Top of the Alty World
"Getting a Home Loan Is Expensive—Especially for Black Women"—Mother Jones
Veteran coder and feminist Elissa Shevinsky wants women to stop trying to be a part of the sexist Silicon Valley culture and instead create their own creative space.—Metro Active
The ex-president of Honduras talks about Hillary Clinton's role in his 2009 ouster.—Democracy Now!
A new report documents the extent to which American Psychological Association officials cooperated with government officials to re-interpret the association’s ethics code.—Quartz
Top of Alty Utah
A new poll shows the ouster of Salt Lake City Police Chief Chris Burbank is taking a toll on Ralph Becker's reelection chances.—Utah Policy
House Democratic leader renews call for Rep. Justin Miller, D-Salt Lake City, to step down over embezzlement allegations.—Utah Political Capitol
Salt Lake City mayoral candidates George Chapman and Dave Robinson shake up an already competitive race.—Salt Lake City Weekly
LDS Church leaders are angered over a decision by the Boy Scouts of America's executive board to allow gay scout leaders.—Q Salt Lake
Matt Taibbi looks at how the death of activist Sandra Bland in a Texas jail, was the result of a kind of policing that has plagued minorities in cities all across the country for decades.
Many editorialists following this narrative case suddenly noticed, as if for the first time, how much mischief can arise from the fact that a person may be arrested at any time for "failing to obey a lawful order," which in the heat of the moment can mean just about anything. But this same kind of logic has underpinned modern community policing in big cities all over America for decades now. Under Broken Windows and other "zero tolerance"-type enforcement strategies, police move into (typically nonwhite) neighborhoods in big numbers, tell people to move off corners, and then circle back and arrest them for "loitering" or "failing to obey a lawful order" if they don't.
The Long View
Some cities have tried to put a fig leaf of legal justification on such practices by creating "drug-free" or "anti-loitering" zones, which give police automatic justification for arrest even if a person is guilty of nothing more than standing on the street. Failing to produce ID – even in the halls of your own building, in some cases – or being seen in or around a "known drug location" can similarly be grounds for search or detention.—Rolling Stone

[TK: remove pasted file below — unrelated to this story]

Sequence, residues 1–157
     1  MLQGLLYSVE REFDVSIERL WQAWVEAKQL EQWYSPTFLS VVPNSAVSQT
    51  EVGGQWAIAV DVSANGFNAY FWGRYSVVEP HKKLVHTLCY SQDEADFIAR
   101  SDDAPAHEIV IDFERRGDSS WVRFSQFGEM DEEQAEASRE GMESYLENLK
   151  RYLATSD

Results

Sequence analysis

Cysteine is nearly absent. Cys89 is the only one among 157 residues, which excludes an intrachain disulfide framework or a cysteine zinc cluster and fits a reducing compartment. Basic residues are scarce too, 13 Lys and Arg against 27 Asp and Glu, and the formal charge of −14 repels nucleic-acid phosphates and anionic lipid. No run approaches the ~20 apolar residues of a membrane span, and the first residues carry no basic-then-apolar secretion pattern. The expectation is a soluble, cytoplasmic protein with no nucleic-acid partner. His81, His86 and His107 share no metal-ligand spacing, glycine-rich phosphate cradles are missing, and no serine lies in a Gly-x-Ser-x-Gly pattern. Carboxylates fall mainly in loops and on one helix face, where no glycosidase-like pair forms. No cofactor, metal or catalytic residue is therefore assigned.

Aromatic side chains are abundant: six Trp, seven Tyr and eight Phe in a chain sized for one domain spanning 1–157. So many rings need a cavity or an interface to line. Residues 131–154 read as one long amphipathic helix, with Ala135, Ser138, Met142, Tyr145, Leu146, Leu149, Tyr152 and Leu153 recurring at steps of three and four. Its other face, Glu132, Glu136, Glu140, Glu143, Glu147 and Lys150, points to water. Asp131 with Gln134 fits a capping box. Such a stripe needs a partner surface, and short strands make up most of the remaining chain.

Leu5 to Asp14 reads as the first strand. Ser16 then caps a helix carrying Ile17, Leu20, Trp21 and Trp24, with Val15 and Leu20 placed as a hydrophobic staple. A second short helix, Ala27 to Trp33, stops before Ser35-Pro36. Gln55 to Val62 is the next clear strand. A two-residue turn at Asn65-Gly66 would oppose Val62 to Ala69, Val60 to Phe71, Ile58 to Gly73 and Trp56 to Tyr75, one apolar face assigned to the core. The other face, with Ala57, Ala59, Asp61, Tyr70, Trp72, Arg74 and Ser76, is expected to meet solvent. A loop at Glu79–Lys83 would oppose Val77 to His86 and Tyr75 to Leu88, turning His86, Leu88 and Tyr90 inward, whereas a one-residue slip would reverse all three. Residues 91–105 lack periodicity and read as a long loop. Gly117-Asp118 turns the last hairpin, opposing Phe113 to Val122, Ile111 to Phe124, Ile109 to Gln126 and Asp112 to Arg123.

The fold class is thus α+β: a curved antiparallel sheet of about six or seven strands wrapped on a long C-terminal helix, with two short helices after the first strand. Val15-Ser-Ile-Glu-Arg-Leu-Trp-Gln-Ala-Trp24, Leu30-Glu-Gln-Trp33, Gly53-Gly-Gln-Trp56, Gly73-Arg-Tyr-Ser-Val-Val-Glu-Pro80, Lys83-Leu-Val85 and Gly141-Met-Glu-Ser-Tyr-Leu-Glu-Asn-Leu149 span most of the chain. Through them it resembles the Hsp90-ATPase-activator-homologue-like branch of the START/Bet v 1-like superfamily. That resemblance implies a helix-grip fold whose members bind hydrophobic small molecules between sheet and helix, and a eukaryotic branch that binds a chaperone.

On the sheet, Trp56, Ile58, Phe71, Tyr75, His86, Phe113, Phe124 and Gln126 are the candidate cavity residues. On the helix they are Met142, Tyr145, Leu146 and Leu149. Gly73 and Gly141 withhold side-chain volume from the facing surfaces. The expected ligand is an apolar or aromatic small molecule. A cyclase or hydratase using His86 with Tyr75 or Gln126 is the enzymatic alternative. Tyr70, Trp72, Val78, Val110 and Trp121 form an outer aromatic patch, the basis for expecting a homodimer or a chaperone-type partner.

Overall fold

A look at the plot of right-wing extremists to capture and kill a cop in Las Vegas.
Devon and David’s Las Vegas hadn’t lost its sheen in the recent recession; it had none to begin with. It was a Vegas of dollar stores, check-cashing services, EZPawn shops, gas-station slot machines, and storefronts stripped of fancy names — they offered DOG GROOMING and NAIL TIPS, nothing more. Everywhere there were apartment complexes painted in earth tones, their nameplates missing letters, their yellow welcome flags frayed. It was a Vegas of frustrations and resentments, of second and third chances squandered — the Strip’s opulence in sight, but always out of reach.
The warehouse was similarly glamourless, building B in a warren of squat structures. Scott worked there at a fledgling video-production business, near Code Red Emergency Plumbing and H&J Trophies. His boss didn’t mind if David and Devon stopped by. They mostly huddled in a backroom, on three couches arranged in a U, mapping out the mission until the sky was black and the Strip ablaze.
The mission: Kidnap a cop at a traffic stop. Jail him (or her, but likely him) at a house in the burbs. Hold their own trial. And then:
“Put a bullet in his head,” David said. He grinned.—The California Sunday Magazine
A new study finds black home-loan borrowers are charged higher interest rates than their white counterparts—and black women pay the highest rates of all.